“It was a land of seven kingdoms. seven kingdoms, and seven thoroughly unpredictable kings. Why in the name of all that as reasonable would anyone kidnap Prince Tealiff, the father of the Lienid king? He was an old man. He had no power; he had no ambition; he wasn’t even well. Word was, he spent most of his days sitting by the fire, or in the sun, looking out at the sea, playing with his great-grandchildren, and bothering no one.” (Graceling by Kristin Cashore.)

Cover of Graceling by Kristin CashoreHaving worked in a children’s bookstore as long as I did, I have heard at least something about most children’s/YA books. When I picked up Graceling, I was looking for a piece of vapid YA fiction and, based on the mixed reviews, was sure this book was going to deliver. I expected to cringe at the sentence construction and huff at the muddled theme, but have the inconveniences compensated for by a fast-paced, action-driven plot. After having finished the book, however, I find myself wondering what on earth my coworkers could have been thinking when they steered me in another direction.

Kristin Cashore’s Graceling is as elegant and simple a story as any I have ever read – more akin in style to the most loveable of children’s books than to your run-of-the-mill YA thriller. Kristin’s book has a gentle focus about it that allows her tell her story from beginning to end without any muddle-headedness or confusion. This is not to say that the book is uncomplicated or childish (please don’t give it to your 10 year old), but rather that it does not commit the crime that so many YA books do today – it doesn’t dig itself into a storytelling hole and then wade out of it with the blunt pick-axe of a hastily constructed action scene. Kristin also, admirably, gives the story time to close itself; instead of ending with the death of the bad guy, she allows the reader to observe the characters as they resolve their internal conflicts before the book draws to a close. I almost feel ashamed at ever having expected so little of this book: altogether a beautiful and highly recommended weekend read.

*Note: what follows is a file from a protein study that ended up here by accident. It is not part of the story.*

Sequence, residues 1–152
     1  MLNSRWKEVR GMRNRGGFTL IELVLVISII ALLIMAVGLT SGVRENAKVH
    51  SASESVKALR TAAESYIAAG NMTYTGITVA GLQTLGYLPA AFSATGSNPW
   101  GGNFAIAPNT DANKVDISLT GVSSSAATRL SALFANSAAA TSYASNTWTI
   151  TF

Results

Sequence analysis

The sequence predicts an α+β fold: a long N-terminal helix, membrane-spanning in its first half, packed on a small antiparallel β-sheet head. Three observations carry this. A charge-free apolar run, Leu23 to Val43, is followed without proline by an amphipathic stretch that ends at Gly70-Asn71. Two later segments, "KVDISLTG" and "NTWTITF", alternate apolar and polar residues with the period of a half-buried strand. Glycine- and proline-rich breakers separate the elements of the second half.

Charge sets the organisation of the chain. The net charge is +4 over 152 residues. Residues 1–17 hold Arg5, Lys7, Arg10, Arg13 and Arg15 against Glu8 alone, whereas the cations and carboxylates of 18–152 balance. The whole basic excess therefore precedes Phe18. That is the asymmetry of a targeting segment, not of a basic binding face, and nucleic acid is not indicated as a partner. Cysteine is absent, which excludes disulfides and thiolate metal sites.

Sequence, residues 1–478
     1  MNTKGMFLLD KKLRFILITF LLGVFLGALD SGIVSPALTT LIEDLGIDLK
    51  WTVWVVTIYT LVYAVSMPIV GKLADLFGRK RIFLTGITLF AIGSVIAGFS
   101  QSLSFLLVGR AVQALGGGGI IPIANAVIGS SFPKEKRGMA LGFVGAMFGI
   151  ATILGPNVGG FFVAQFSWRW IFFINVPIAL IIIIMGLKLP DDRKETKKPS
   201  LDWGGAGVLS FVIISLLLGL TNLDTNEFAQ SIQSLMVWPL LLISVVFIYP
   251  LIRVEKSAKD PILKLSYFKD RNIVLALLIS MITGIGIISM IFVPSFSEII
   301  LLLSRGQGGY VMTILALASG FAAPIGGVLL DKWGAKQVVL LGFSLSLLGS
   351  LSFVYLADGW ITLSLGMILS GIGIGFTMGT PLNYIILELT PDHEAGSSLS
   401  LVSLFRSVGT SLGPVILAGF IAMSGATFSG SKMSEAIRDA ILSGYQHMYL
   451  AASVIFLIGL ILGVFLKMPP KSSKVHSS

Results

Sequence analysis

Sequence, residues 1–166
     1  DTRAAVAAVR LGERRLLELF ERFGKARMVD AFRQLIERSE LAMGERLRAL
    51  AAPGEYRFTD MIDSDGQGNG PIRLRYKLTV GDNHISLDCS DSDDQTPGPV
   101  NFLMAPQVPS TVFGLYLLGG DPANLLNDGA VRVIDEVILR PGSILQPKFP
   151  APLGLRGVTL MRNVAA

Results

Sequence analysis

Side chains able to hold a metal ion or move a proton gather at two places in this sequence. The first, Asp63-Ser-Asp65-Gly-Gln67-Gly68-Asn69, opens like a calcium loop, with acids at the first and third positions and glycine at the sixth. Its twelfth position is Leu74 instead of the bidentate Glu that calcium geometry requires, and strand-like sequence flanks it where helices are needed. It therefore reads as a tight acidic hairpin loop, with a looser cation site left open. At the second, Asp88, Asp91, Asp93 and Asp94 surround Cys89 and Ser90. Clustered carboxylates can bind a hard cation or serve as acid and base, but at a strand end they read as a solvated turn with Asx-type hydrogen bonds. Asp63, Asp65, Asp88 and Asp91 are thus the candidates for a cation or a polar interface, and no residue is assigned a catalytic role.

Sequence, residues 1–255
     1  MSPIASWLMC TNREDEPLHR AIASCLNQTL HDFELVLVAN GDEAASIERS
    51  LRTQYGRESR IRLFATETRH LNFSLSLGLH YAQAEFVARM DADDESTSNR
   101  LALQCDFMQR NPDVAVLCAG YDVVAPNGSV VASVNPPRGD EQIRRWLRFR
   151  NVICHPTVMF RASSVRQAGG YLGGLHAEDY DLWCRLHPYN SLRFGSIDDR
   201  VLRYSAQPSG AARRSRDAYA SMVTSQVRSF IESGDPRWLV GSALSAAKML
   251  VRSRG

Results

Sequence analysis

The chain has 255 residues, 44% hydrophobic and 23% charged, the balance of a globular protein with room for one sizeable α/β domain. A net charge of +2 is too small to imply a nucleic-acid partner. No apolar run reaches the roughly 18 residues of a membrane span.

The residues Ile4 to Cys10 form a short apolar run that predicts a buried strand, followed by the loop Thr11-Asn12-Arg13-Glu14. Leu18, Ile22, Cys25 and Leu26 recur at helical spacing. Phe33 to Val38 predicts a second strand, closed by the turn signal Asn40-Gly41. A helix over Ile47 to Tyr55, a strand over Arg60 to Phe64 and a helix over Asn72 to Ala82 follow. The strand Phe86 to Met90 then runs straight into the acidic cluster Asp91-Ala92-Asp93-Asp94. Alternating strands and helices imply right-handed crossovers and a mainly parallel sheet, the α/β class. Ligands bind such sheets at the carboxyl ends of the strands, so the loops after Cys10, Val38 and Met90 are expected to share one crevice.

Does not remind me of… The Hunger Games Trilogy, which commits all the modern storytelling offences I allude to and more. I truly do not understand how people could love those books and overlook this one.

Beverage: A cup of jasmine tea.


3 thoughts on “Graceling

  1. I have thought about reading this book many times now, but it seems for every good thing I read about it I then read something bad. It seems to be a book that polarizes peoples views. I’ll have to give it a try eventually, though, if I want to see if it is any good.

    • I definitely agree that “Graceling” is a book that polarizes people’s views. I also have read very mixed reviews – as I think that I pointed out in my post. The only explanation that I can come up with for this phenomenon is that ‘Graceling’ is not your run-of-the-mill YA book, it does not conform to the standards that people have come to expect from the genre: the plot is relatively slow, it doesn’t piggy-back on the vampire/werewolf/wizard wagon, and the main character is fully fledged in a way that makes some people cringe. I would recommend this book if you are looking for something a bit different, if you love the pacing older literature, and if you actually know what a feminist is (the most confusing negative reviews called the main character an anti-feminist… the only explanation for that one is that they just don’t know what the word means). Give it a try!

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